How to Avoid Underfitting in Machine Learning: Top Strategies You Need to Know

In the world of machine learning, achieving the right balance between underfitting and overfitting is crucial for building effective models. Underfitting occurs when a model is too simple to capture the underlying patterns in the data, leading to poor performance on both training and unseen data. This can be particularly frustrating, as it means the model isn’t learning enough from the data provided.

Fortunately, there are several strategies to avoid underfitting and ensure your model performs well. By understanding the causes and implementing the right techniques, data scientists can create models that generalize better and provide more accurate predictions. Let’s explore some practical tips to help you steer clear of underfitting and enhance your machine learning projects.

Understanding Underfitting in Machine Learning

Underfitting in machine learning occurs when a model is too simple to capture the underlying patterns in the data, leading to poor performance.

yeti ai featured image

What Is Underfitting?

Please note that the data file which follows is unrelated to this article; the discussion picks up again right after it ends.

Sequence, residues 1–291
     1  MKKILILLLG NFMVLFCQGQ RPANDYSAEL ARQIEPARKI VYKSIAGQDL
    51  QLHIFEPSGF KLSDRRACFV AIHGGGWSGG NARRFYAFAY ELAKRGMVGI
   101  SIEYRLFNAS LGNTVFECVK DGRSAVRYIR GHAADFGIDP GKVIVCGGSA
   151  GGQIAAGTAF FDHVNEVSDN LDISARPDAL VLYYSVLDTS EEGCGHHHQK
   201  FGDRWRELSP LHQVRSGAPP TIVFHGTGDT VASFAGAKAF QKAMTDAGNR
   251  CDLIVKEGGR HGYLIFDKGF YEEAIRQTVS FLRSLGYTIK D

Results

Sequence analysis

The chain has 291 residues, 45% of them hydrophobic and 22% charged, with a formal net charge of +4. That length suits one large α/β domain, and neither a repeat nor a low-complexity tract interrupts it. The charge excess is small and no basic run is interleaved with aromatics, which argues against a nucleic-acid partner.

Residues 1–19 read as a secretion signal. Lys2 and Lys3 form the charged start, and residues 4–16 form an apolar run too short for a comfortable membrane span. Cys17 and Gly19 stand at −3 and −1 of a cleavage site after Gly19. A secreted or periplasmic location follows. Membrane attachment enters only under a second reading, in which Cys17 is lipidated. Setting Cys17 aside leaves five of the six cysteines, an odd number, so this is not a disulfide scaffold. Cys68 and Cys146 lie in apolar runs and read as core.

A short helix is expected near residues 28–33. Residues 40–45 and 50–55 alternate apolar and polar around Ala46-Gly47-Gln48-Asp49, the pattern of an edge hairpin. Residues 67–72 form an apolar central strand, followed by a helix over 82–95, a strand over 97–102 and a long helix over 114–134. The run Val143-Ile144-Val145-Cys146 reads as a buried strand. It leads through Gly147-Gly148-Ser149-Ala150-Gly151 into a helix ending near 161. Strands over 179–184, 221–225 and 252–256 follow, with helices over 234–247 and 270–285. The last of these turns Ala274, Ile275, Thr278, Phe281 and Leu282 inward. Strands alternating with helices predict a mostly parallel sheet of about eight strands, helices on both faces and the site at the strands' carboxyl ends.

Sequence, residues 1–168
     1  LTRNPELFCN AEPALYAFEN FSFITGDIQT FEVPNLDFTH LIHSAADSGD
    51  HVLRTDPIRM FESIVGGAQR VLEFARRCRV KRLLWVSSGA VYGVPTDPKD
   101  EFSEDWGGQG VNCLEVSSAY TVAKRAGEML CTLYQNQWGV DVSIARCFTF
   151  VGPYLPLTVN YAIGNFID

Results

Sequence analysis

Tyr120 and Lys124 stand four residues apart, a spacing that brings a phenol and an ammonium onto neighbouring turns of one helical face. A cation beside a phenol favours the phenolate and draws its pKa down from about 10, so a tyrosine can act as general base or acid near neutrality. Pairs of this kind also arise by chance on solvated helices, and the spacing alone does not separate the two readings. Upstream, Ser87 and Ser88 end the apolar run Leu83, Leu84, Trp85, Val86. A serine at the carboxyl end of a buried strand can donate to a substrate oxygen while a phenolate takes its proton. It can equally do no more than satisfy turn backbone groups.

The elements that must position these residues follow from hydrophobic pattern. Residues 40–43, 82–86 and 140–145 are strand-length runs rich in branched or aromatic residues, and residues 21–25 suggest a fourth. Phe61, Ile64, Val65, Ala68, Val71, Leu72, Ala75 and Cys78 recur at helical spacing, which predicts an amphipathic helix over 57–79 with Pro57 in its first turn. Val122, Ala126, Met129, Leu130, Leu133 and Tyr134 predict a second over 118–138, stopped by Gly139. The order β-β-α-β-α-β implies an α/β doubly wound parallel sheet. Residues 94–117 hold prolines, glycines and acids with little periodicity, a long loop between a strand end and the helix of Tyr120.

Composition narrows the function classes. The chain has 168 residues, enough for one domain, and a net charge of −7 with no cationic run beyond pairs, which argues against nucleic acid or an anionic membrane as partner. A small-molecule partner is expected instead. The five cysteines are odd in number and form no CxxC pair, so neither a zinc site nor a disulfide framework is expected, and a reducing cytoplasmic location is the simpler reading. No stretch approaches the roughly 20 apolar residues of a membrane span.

Underfitting appears when a model fails to learn from the training data. This usually happens if the model lacks complexity. A classic example is attempting to fit a linear model to a non-linear dataset. The linear model cannot capture the underlying non-linear structure, resulting in high error rates. This issue often arises due to overly simplistic algorithms, insufficient training duration, or inadequate feature selection.

Signs of Underfitting

Several signs indicate a model is underfitting:

  • High Training Error: The model performs poorly even on the training dataset.
  • Low Variability: Predictions are too simplistic, ignoring evident patterns.
  • Similar Performance on Training and Validation Data: Both datasets show similarly poor performance, suggesting the model hasn’t learned adequately.

Detecting these signs helps in diagnosing and improving the model’s performance.